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Lt. Melvill: Well done, Sir! Did you see that Noggs? Deceived him with the up and took him with the down. Norris-Newman: Well well, this one\'s a grandfather at least. If he\'d been a Zulu in his prime I\'d have given odds against your lancer, Mr.Melvill.
 
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 Henry Rider-Haggard

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PostSubject: Henry Rider-Haggard   Fri Jun 20, 2014 4:01 pm

in case some might enjoy!
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PostSubject: Re: Henry Rider-Haggard   Fri Jun 20, 2014 4:02 pm

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PostSubject: Re: Henry Rider-Haggard   Fri Jun 20, 2014 4:03 pm

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PostSubject: Re: Henry Rider-Haggard   Fri Jun 20, 2014 4:03 pm

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John Young

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Location : Lower Sheering, Essex

PostSubject: Re: Henry Rider-Haggard   Sat Jun 21, 2014 2:44 pm

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Henry Rider Haggard.
John Young Collection.

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The Pretoria Horse circa 1878/9.
John Young Collection.

Haggard served in the Pretoria Horse as a Lieutenant in 1878/9, the unit should have served alongside Weatherley's Border Lancers as part of the original No. 5 Column, but luckily for Haggard were retained in the Transvaal against any local disturbances.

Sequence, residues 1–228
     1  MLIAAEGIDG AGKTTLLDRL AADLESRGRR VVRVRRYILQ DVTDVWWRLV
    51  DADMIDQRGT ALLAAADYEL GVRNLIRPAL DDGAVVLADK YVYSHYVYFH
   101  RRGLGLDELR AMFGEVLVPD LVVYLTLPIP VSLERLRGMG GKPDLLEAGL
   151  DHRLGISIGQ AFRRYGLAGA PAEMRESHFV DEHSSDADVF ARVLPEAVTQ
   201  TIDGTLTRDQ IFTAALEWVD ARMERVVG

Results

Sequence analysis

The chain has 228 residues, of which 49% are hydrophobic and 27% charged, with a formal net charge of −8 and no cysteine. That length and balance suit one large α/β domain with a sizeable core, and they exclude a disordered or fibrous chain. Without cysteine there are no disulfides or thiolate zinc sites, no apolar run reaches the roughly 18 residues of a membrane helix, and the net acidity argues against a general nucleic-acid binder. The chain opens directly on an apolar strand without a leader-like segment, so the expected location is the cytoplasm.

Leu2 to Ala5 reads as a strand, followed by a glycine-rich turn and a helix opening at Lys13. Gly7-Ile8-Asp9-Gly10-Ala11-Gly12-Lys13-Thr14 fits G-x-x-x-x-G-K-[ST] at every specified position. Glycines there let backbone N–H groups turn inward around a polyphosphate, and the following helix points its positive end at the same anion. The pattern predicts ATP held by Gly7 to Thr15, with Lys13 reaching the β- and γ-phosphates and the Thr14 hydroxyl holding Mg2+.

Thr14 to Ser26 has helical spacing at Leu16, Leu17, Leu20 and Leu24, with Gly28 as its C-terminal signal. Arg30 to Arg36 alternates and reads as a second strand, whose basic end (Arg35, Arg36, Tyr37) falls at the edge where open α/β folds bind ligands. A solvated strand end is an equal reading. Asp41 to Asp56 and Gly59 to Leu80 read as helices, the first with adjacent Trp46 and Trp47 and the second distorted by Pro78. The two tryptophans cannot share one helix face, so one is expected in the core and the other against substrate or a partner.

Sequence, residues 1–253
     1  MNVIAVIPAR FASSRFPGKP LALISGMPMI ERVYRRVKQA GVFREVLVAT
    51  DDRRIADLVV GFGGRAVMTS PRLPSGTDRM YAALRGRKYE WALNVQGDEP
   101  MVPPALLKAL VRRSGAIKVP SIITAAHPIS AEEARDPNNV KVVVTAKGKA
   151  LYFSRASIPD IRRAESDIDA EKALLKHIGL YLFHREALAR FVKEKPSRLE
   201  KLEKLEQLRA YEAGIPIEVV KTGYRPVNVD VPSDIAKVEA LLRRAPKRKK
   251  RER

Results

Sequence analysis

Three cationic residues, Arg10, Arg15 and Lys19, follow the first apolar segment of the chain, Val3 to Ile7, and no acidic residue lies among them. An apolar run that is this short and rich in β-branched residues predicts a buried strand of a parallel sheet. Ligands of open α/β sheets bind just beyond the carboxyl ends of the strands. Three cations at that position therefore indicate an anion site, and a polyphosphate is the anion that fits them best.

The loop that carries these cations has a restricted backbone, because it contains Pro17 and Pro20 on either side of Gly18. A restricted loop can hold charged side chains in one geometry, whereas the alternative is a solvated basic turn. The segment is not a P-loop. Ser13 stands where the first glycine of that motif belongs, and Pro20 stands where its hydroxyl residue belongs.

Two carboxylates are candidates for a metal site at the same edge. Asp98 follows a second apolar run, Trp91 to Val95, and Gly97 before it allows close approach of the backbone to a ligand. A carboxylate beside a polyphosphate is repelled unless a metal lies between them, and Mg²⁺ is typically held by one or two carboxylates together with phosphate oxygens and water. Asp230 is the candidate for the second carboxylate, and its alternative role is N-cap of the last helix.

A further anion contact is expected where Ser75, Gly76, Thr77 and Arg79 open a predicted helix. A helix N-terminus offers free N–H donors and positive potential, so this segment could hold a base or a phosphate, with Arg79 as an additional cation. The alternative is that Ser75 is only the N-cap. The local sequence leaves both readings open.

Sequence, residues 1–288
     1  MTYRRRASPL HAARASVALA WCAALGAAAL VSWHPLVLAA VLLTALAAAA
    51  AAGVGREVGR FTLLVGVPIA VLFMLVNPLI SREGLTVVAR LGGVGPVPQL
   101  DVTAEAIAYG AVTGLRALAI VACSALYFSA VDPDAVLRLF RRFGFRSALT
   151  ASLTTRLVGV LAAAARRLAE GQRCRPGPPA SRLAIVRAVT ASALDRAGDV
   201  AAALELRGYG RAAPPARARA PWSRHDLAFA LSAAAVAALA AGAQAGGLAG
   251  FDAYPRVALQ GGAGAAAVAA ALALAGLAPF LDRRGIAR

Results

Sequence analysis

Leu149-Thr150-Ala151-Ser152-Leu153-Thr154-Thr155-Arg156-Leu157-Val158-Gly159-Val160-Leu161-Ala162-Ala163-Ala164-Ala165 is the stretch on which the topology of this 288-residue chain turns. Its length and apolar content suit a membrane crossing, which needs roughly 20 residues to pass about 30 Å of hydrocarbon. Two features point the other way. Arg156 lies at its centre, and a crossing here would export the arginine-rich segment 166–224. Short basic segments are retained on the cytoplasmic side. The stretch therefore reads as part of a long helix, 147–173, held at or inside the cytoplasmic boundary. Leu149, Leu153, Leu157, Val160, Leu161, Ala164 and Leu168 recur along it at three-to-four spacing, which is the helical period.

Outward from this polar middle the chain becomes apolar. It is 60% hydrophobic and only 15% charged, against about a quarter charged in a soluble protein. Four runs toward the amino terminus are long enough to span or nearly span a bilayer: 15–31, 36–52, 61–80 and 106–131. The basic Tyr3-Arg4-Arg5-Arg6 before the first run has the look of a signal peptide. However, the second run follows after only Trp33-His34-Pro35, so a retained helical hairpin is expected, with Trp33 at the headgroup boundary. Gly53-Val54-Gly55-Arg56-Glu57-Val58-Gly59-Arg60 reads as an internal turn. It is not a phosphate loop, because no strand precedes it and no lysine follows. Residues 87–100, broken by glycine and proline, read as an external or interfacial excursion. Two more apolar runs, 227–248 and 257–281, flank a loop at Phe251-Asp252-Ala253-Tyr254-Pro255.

Les,

I can't recall if I made it on to the credits of that one, I spent a day's filming on set for it as a consultant.

John Y.
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Chard1879

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PostSubject: Re: Henry Rider-Haggard   Sat Jun 21, 2014 5:51 pm

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The man himeself
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PostSubject: Re: Henry Rider-Haggard   Sat Jun 21, 2014 6:09 pm

Hello JY, you are having a rich and varied life my friend.
surely you must be keeping up a journal or personal
diary's..it would be a real shame to let all those personal
experiences simply fade away! it seems that any ' erbert '
can simply put forward any old tosh on the most fascile
of subjects and hey presto their in print!.

Now of course i'm not suggesting a blockbusting blood
curdling ripping yarn like R-H, but i would bet you have a
couple of hundred pages in you,they say most people have,
( i am still yet to discover who ' they 'are ).

I think in general the modern kids of today are still very
interested in derring do and the like, they just consume in
a different manner!, no torch under the bedclothes for
them, err, no torch! they have an app for that.
great pic of R-H, cheers.
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Frank Allewell

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PostSubject: Re: Henry Rider-Haggard   Sat Jun 21, 2014 8:57 pm

Biggles Young, I can see it now, flying helmet goggles white scarf flowing in the wind.  Very Happy Very Happy Very Happy Very Happy Shocked 
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John Young

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PostSubject: Re: Henry Rider-Haggard   Sun Jun 22, 2014 8:57 am

Like in the epic W .E. Johns' novel Biggles Flies Undone...
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Mr Greaves

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PostSubject: Re: Henry Rider-Haggard   Sun Jun 22, 2014 11:14 am